Google's Deal to Digitize Books Rejected by Judge

Google's Deal to Digitize Books Rejected by Judge

Since 2002, Google has been trying to digitize books from all round the world and make them open to search. The company has been opposed by publishers, leading to a settlement in 2005 between them, with publishers getting a share for digital book sales generated by Google's efforts. However, the issue surrounding orphaned works, which are books where the rights owner cannot be contacted, has become a sticking point, with other parties like Amazon and Microsoft arguing that the 2005 settlement, which allows Google to scan them without the consent of the rights owner, goes too far in granting Google the power to digitize and profit from such works.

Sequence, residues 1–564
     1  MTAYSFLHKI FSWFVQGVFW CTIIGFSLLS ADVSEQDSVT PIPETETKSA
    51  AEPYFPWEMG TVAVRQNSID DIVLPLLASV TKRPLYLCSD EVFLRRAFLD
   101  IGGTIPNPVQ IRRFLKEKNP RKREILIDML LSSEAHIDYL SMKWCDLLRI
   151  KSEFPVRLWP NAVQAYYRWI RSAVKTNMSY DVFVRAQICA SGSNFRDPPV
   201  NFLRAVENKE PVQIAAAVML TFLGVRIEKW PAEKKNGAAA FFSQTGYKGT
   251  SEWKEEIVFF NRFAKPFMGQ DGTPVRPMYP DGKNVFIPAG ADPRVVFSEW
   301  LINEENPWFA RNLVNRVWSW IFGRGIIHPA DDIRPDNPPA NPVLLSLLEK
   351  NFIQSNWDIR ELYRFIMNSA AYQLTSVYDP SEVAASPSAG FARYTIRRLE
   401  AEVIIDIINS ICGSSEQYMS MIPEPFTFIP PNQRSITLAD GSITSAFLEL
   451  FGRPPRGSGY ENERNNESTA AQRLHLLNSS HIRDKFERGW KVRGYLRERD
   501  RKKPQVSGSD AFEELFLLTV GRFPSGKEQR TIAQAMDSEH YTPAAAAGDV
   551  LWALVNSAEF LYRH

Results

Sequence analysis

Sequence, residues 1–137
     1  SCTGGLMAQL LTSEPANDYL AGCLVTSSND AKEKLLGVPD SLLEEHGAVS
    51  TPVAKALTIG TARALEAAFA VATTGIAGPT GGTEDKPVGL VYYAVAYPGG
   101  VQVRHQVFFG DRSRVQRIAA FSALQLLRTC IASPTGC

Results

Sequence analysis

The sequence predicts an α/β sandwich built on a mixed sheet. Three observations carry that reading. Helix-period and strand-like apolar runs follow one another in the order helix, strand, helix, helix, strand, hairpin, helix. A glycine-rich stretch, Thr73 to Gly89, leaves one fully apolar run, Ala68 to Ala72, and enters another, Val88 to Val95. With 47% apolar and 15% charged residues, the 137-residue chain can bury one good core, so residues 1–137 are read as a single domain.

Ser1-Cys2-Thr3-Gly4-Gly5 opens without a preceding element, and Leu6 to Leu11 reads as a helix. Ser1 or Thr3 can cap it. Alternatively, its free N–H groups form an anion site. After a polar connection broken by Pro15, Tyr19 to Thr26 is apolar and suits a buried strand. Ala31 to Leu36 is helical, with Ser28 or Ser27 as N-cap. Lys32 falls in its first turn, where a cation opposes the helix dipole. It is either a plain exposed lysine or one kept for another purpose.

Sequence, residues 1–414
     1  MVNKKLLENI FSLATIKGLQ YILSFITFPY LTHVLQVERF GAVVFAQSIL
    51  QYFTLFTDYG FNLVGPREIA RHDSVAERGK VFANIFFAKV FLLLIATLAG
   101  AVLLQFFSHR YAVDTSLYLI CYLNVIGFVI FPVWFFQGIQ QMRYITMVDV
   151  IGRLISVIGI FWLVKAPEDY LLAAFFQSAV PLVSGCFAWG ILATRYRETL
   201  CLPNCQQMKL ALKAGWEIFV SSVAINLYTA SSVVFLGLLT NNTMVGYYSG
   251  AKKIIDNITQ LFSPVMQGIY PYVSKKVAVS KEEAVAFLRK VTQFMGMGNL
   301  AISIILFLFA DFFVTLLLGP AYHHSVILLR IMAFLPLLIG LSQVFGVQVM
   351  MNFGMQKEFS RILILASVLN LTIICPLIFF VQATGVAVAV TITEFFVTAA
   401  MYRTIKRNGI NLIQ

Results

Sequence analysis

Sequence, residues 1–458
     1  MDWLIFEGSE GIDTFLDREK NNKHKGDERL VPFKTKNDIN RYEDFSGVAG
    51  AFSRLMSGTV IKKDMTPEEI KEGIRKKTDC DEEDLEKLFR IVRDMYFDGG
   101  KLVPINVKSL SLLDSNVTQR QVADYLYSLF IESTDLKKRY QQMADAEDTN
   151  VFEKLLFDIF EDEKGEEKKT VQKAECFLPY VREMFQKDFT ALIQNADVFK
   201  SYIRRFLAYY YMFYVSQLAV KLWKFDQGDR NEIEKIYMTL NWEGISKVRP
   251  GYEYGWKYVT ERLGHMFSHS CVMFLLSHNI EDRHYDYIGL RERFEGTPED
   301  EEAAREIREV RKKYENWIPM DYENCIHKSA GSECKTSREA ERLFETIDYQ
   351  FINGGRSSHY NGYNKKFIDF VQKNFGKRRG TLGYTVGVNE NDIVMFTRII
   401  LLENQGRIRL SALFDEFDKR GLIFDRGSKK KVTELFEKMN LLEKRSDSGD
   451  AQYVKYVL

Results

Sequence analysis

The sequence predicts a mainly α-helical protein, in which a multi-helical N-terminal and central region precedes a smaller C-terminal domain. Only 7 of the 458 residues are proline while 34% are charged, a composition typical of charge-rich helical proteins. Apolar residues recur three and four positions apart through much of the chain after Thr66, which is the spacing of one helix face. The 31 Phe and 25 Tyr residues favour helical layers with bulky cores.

Wired - "While the digitization of books and the creation of a universal digital library would benefit many, the ASA [Amended Settlement Agreement] would simply go too far. It would permit this class action — which was brought against defendant Google Inc. to challenge its scanning of books and display of ’snippets’ for on-line searching — to implement a forward-looking business arrangement that would grant Google significant rights to exploit entire books, without permission of the copyright owners,” U.S. District Judge Denny Chin of New York ruled."

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